“Highly recommended! A powerful story told by sentient cats of the woman who becomes Lydia, seller of purple, and offers the Apostle Paul wisdom destined to change the future of Christianity. Francisco’s evocative, lyrical descriptions bring to life a cat’s-eye view of the feelings, sights, and sounds of biblical times. Loom’s unique perspective—blending philosophy, spirituality, and astute observations on human faith—will intrigue any reader who enjoys thought-provoking accounts of biblical history.”
“Francisco has woven a fascinating tapestry in Yeshua’s Loom with deftness and sensitivity. Animal lovers (and especially cat lovers) will respect the way she has made her cats a part of the divine creation and given them hidden wisdom. As a device for sharing the life of Jesus and his disciples, the feline observations are both charming and intellectually satisfying. A singularly unique fictional series which works well as fantasy fiction and Christian parable!”
Coming October 14th!
Yeshua’s Loom: A Tapestry of Cats is complete and entering the editing and review process! The target release date is October 15th, so mark your calendars!
Yeshua’s Loom is the fifth volume in the Yeshua’s Cats series and the conclusion of Cat Born to the Purple—as well as a continuation of the story of Paul the apostle begun in The Cats of Rekem. In Yeshua’s Loom, Aeliana, the gifted young weaver Yeshua healed in Yeshua’s Cat, journeys to Anatolia, where she marries the Roman merchant Chariton (from Purple), and moves with him to Thyateira, in the province of Lydia. Only later, when she flees to Philippi and changes her name to Lydia of Thyateira, does she enter history through the few cryptic lines in The Acts of the Apostles that link her with Paul. Yeshua’s Loom’s concluding chapters describe a relationship that could easily have grown up between these two brilliant but dissimilar followers of Yeshua when their paths cross briefly in Philippi.
Three cats take turns as guides and narrators: Aeliana’s cat Purple, who accompanies her throughout her travels, the powerful male Nightfire, who is drawn to Chariton by visionary dreams, and Yeshua’s own cat Mari (Wind on Water). Mari joins the family for several years as a wise guide sent by Yeshua, while Maryam of Magdala journeys abroad. Aeliana’s continued struggle to open her heart and allow the One to heal her old wounds brings her and her family into extraordinary encounters with both Yeshua and the dark evil stalking their paths.
Only after many years of tragedy and healing does Aeliana become the wise woman called Lydia, who meets Paul by a small stream near Philippi and changes the course of the Christian faith.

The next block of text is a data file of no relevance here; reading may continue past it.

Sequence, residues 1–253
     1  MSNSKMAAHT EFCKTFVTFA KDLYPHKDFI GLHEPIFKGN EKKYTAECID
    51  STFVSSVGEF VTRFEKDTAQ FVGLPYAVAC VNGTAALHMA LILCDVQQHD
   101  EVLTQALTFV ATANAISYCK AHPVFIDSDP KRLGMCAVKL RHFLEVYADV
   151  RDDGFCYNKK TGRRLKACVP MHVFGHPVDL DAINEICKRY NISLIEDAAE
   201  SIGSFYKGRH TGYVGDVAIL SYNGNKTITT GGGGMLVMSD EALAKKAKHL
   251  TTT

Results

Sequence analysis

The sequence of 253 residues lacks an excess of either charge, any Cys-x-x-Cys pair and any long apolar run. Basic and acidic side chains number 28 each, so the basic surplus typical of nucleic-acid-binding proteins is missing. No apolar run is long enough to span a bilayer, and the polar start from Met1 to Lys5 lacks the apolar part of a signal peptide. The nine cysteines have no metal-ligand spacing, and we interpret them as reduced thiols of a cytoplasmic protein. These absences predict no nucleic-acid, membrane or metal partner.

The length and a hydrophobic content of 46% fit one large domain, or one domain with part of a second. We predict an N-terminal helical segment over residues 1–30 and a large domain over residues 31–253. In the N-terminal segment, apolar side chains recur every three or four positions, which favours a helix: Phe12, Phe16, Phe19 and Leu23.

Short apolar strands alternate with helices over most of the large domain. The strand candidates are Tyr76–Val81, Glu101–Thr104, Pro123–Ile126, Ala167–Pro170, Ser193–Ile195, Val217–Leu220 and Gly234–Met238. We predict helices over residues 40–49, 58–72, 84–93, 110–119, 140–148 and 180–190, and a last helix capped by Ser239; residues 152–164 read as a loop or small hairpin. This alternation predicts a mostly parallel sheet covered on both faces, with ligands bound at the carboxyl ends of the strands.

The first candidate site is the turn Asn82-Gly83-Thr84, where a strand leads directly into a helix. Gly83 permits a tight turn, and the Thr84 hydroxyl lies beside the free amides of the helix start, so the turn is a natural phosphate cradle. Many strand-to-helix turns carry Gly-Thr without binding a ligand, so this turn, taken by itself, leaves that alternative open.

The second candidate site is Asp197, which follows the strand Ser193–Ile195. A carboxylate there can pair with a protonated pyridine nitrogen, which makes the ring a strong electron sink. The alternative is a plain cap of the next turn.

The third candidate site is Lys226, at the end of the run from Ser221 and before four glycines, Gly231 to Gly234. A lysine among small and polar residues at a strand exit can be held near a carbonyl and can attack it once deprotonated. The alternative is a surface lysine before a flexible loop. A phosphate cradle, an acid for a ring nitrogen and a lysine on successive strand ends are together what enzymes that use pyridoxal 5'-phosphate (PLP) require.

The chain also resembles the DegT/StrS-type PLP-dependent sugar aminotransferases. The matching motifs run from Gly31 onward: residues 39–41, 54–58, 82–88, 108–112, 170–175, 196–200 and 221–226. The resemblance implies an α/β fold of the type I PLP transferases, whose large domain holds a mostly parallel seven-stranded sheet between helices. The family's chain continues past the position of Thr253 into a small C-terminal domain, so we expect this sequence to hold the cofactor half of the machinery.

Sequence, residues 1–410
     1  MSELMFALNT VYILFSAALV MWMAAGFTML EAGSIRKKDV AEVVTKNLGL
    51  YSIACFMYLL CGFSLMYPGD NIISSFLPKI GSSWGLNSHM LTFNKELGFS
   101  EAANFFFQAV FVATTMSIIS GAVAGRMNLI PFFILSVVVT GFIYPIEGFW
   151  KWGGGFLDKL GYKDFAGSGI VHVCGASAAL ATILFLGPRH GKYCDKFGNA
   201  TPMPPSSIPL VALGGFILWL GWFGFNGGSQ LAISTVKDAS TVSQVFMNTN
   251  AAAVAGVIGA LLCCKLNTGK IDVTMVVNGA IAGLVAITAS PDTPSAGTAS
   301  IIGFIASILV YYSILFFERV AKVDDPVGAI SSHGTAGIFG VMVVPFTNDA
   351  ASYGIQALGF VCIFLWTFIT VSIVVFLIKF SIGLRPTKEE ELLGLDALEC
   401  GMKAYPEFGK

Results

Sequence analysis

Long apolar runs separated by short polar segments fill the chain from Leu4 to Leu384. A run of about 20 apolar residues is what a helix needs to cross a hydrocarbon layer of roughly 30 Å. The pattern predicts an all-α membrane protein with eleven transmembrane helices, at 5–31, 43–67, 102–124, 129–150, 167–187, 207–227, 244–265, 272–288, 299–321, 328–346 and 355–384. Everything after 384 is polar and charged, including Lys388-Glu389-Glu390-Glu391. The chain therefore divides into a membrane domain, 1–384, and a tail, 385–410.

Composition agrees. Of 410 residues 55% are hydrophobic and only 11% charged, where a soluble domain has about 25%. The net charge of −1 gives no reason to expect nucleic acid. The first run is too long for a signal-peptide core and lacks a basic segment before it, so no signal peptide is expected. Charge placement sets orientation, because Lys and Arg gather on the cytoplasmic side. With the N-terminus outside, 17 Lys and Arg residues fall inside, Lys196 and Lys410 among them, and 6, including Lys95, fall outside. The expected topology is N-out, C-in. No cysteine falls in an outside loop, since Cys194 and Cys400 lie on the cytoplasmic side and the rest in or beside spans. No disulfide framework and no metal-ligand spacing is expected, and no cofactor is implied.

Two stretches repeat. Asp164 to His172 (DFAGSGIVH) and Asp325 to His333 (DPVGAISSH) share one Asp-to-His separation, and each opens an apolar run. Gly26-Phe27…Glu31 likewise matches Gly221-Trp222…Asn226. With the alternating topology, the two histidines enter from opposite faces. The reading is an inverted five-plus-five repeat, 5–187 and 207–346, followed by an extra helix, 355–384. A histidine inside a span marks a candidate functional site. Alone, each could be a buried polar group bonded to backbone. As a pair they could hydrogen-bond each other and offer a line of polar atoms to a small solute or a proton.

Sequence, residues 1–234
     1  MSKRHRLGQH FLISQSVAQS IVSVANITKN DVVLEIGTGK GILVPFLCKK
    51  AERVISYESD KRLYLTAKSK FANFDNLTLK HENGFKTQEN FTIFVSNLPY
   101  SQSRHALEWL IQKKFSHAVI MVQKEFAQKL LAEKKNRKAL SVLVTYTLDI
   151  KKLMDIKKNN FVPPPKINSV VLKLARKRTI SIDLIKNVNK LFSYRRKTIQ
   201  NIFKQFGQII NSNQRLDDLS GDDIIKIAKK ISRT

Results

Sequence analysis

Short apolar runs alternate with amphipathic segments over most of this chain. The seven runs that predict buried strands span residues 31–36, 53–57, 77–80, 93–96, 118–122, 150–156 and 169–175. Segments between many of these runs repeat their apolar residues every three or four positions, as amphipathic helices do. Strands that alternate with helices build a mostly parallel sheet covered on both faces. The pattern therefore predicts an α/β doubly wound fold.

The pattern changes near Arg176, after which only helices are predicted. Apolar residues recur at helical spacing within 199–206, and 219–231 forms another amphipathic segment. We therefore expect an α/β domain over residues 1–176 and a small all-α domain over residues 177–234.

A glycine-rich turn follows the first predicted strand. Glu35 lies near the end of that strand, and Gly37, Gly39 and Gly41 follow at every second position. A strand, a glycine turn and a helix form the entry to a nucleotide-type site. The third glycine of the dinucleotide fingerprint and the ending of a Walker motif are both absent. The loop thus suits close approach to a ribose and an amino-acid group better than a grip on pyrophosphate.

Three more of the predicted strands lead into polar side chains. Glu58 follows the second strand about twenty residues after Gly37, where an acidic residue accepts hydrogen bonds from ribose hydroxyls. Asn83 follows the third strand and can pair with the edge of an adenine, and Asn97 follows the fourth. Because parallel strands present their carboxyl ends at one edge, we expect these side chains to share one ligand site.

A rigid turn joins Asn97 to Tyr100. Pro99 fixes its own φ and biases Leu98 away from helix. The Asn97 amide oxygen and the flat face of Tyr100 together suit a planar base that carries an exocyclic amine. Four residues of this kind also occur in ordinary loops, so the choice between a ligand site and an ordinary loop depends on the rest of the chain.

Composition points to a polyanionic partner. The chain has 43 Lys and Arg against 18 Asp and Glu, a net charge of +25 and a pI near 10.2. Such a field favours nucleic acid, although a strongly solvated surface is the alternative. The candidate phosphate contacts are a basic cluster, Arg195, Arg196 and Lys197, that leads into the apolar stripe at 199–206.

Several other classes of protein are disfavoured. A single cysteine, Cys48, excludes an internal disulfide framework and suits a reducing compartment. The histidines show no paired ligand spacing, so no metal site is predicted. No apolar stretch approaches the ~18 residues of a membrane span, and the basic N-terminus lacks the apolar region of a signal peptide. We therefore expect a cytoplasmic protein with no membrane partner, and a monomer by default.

Want to read a sample? Go here to read the first three chapters!
Thank you all for making the Yeshua’s Cats Kindle sale such a success!
The new Yeshua’s Cats book,
working title Yeshua’s Loom: A Tapestry of Cats,
is scheduled for release this fall.
To read the prologue and first three chapters, click here, or on the Yeshua’s Loom tab at the top of the page.
“If the people were silent, the very stones would cry out.” Luke 19:40
The stones are speaking. Are we listening?
The memory of stone. People have spoken of it since humankind first wielded tools to chisel its surface. What stories might be locked in the smallest of river stones, the bedrock beneath the plains’ rich soil, the mountains crushed into gravel for our roads? Certainly we find there the record of the earth’s transformations, the bones and footprints of long-dead species, delicate traceries of plants, massive forests. But what about human lives? Have stones absorbed the fleeting touch of our lately-come species, the storms of blood, tears, laughter, prayer that accompany our kind wherever we wander? Do stones remember us?
I love stone. I have loved it from earliest childhood. I love the weight and feel of it in my hand, the warmth of it beneath me when I rest from walking, the magic of its kaleidoscopic patterns. When I can I travel to mountains and canyons and deserts to spend time in its company. Stone is alive, sentient in some way I can’t explain. I feel it most strongly in wilderness, where human busy-ness is limited—but it has also caught me unawares in urban alleys.